A Cape Cod Notebook

Our Role With The Swallows

4 hours ago
Lance Asper / unsplash

About a month ago, on the little harbor-side beach we have frequented for over forty years, I noticed a couple of swallows.  Tree Swallows, I thought, or Barn Swallows- the two most commonly seen- but, no, their dingy brown plumage and squared-off tails identified them as Northern Rough-wing Swallows, a species I had never noticed in this particular spot before.  And there were two- just two: a pair.  Thereafter, I would see one or perhaps both, always in this same area.

All That Washes Ashore

Sep 11, 2018
Mary Bergman

I spent most of my summers learning to sail at the West End Racing Club in Provincetown. The other kids were all natives of this sandy spit, and they all took to sailing like they had salt water in their veins. Most were the children of fishermen or  the great-granddaughters of whalers who overwintered in the Arctic.

Shellfish Memories

Sep 4, 2018
Matthew Essman / unsplash

Robert Finch was awarded a Guggenheim Fellowship, and is taking some time off.  We've gone into the archives, and today we're re-airing one of our favorite A Cape Cod Notebook essays. It's called "Shellfish Memories."

Naming Our Local Humpback Whales

Aug 28, 2018
D. Gordon E. Robertson / Wiki Commons / bit.ly/1kvyKWi



It was coming on evening out on Stellwagen Bank, the red ball of the sun descending through the clouds. It had done its job, though- burning off the lingering fog banks out over the water.  We were surrounded by whales- Humpback Whales- spouting and diving all around our boat.  

Slowing Down for Blackberries

Aug 21, 2018
Mary Bergman

I’m lucky enough to live just over a mile from the beach, a straight shot along the Surfside bike path. If I’m running, which I have been doing to varying degrees of success over the last three years, I can make it to the end of the road and to the mouth of the sand trail that leads to Surfside in 10 minutes. Walking takes closer to 15 minutes. 

What You Discover on the Backshore Beach

Aug 14, 2018
L. Lerner

The Backshore beach is a veritable graveyard.  Littered all about, from the tide line up into the dunes, are bodies and body parts.  Some are fresh, the tide’s latest delivery; others lie, bleached and scoured, as if they had been there for all time. 

A Rare Moment of Weightlessness

Aug 7, 2018
Mary Bergman

Lately I have taken to floating—lying on my back in the bay and letting the water cradle me. It can be hard to make it to the beach, even in the heat of summer, as so many other stressors pull on our time. There are a lot who live on Nantucket that hardly ever get to the beach. As one neighbor said to me: “I live on an island—--the beach will always be there.”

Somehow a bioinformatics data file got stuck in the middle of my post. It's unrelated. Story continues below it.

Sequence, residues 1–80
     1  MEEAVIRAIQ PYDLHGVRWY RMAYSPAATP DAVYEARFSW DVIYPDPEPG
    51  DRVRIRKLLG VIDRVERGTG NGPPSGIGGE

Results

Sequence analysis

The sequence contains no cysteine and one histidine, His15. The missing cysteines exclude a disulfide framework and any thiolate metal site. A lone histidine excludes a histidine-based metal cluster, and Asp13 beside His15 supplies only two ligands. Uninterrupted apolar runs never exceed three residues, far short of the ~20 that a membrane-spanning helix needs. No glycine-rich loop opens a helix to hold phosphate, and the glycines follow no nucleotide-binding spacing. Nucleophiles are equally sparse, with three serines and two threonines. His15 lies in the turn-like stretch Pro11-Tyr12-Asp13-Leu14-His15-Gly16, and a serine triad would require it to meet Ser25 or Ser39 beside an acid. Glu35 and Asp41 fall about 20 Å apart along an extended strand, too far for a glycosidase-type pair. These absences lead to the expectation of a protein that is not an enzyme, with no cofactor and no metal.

A Summer Beach Without a Plover?

Jul 31, 2018
U.S. Fish and Wildlife Service


For quite a few years I worked for Cape Cod National Seashore on its shorebird project, studying and protecting nesting terns and plovers.  It was always with trepidation that I stepped inside an “enclosed area”- delineated with “symbolic fencing”-posts and twine lines with surveyor’s tape-the domain of one of our subject birds, the Piping Plover (Charadrius melodius).  

A State of Deep Emotion While Saving a Life

Jul 24, 2018
Evan Kirby / unsplash


This week on A Cape Cod Notebook, we hear from Provincetown resident Dennis Minsky, who shares his experience saving a life.

When the Fish Aren't Biting

Jul 17, 2018


I cleaned the rain gutters on my house this weekend. Which is another way of saying the fishing is slow.

Grappling With Eating Clams and Being Vegetarian

Jul 10, 2018
L. Lerner

During this week's A Cape Cod Notebook, we hear from Provincetown resident Dennis Minsky, who talks about his struggle with being a vegetarian and eating clams.


The Fascinating Past of the Island Fisherman

Jul 3, 2018
Nelson Sigelman


A Cape Cod Notebook, WCAI's weekly essay series about life on the Cape and Islands, continues this week with a piece from contributor Nelson Sigelman. He writes about a friend who is an island fisherman with a mysterious past.

The Great Fiction

Jun 26, 2018
L. Lerner

It’s with mixed feelings that I must tell you this will be my last Cape Cod Notebook broadcast for a while.  Mixed feelings because I have greatly enjoyed doing these weekly programs over the past thirteen years. On the other hand, the reason for this leave is that I have recently been named a recipient of a John Simon Guggenheim Fellowship for 2018. 

A Muskrat Encounter

Jun 19, 2018
Tom Koerner / USFWS / Creative Commons 2.0 / https://bit.ly/2JWwTJG

It was a beautiful afternoon in early June that I first explored the “Historical Society of Old Yarmouth Nature Trails.” These trails are located just behind the Yarmouth Port post office on Rt. 6A. At first glance it looks like a typical mid-Cape conservation area, encompassing some fifty acres of wooded uplands, wetlands, old pasture, and a small pond. But every place has its own individual character and its unique potential for unexpected encounters.

L. Lerner


It’s 5:30 in the afternoon at Newcomb Hollow Beach, and I am sitting on the sand directly in front of the parking lot so as to catch the last fifteen minutes of sun on the beach. The surf is regular and moderate, but only one paddle-boarder pushes leisurely out onto the surface of the sea between swells, stands up on his board, and then, as my granddaughter Coco puts it, he begins to “sweep the ocean.”